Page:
Fishy Tales from the Emerald Isle – www.angling-ireland.com

Irish Mullet

Mullet

Over the years, I have been lucky enough to fool, and indeed land many Grey Mullet from one end of Ireland to the other. They are one of the wariest of UK and Irish fish, but as with many species found in our waters, place the pieces of the jig- saw in the right order and they can, at times,  be as easy to catch as mackerel!

Most succumb to bread flake or floating crust fished below a bubble float or carp controller, but this is only part of the story. For the angler prepared to experiment, Mullet will take fly patterns just as readily, and believe me, if you think they fight well and hit hard on match tackle, just wait until you feel their power on fly gear!

 


 

Despite the old wives tales, Mullet will not grow to specimen size on a strict algae diet. Yes, they will graze around fresh-water outlets and pier walls, stanchions etc but the real protein is in their ability to  target shrimps, marine worms and shoals of herring fry, to name but a few. They are total opportunists!

With this in mind on a recent Mullet adventure, and wishing to try something a little different, I left the float rod and loaves of bread behind and opted for the Shakespeare Trion, 8 wt and a handful of fly patterns, some shop bought and some home tied efforts but mostly consisting of shrimp or fry imitations. Standard shrimp patterns are a useful start, along with nymphs, corixa, stoneflies, small salmon shrimp patterns tied on doubles or trebles, maggot imitations, and my favourite, the Dunkeld which represents both shrimp and, or fry.

 


 

The full Trion set-up including rod, reel and line are a perfect combination. I realise this is trout kit but its versatility allows for a little diversity on this occasion! The rod offers plenty of back-bone to bring our Irish “bone fish” under control, with the reel allowing ample backing should a larger Mullet make an appearance and rip line from the reel, as they are known to do. It should be noted that on average, it is the larger specimens that tend to hit the fly rather than bread flake! Eight -ten pound fluorocarbon leader may seem a little excessive, but believe me, Mullet will head for any obstructions in the area such as mooring ropes, bladder wrack, pier stanchions etc and some bullying will usually be required to keep a feisty fish in check. For this reason, it is also wise not to fish with a dropper.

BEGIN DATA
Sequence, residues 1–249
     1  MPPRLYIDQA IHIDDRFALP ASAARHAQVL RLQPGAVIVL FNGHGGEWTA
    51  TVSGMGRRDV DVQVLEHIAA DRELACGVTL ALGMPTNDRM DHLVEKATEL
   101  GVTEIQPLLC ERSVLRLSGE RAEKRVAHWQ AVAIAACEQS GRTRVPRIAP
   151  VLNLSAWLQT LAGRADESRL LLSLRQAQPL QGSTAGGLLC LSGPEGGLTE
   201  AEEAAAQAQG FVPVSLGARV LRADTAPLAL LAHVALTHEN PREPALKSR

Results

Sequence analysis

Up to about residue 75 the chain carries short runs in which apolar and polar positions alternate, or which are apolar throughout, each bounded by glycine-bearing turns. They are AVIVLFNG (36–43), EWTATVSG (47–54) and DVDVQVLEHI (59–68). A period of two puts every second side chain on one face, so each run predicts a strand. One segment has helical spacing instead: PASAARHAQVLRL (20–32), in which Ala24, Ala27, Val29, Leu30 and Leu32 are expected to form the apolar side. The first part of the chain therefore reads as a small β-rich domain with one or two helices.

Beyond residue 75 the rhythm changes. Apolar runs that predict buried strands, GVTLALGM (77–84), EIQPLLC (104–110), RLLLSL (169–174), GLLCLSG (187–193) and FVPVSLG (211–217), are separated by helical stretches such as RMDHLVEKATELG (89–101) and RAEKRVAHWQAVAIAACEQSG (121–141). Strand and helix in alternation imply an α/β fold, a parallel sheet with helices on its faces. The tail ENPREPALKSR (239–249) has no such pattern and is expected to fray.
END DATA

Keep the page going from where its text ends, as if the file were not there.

On arrival at my local venue, the light winds had dropped away further leaving perfect conditions, although on this occasion, mullet were difficult to locate. Finding them is half the battle, but calm conditions are preferable as this allows the angler to sight shoals or individual fish before they spot the angler! Clear water conditions are also vital as our tactics are mainly visual.

 



 

Quietly covering any shoals within casting distance is the name of the game, the greater the number, the better chance of a “hook-up”. Many casts later, with a few “follow-ins” that led to nothing and a serious amount of general sneaking about on my behalf, line wrenched from my hand as a torpedo “nailed” the fly with all the delicacy of a Rottweiler! Ripping line through my fingers eventually allowed the Trion’s drag system to come into play, bringing the feisty fellow under control and within reach of the landing net. These guys really know how to pull your string and refuse to give up until they are safely in the net.

With the lengthy battle causing so much disturbance, my previously located shoals were well-dispersed. A quick photograph and release and it was now time to go searching again, from scratch. This type of angling knows how to bring out the hunting instinct and taps into the adrenaline supply with ease!

 

 


 

A few missed opportunities were to follow, but just as the sun began to sink below the horizon, and with a final change of fly, another dramatic take, as powerful as the last woke me out of my day dream and into the immediate task of trying to curtail the power these fish are able to un-leash. Safely again in the net and tipping the scales over the five pound barrier, I had managed my first fly-caught specimen mullet, taken on my old favourite, the Dunkeld, and my new favourite, the Shakespeare Trion combination.

 


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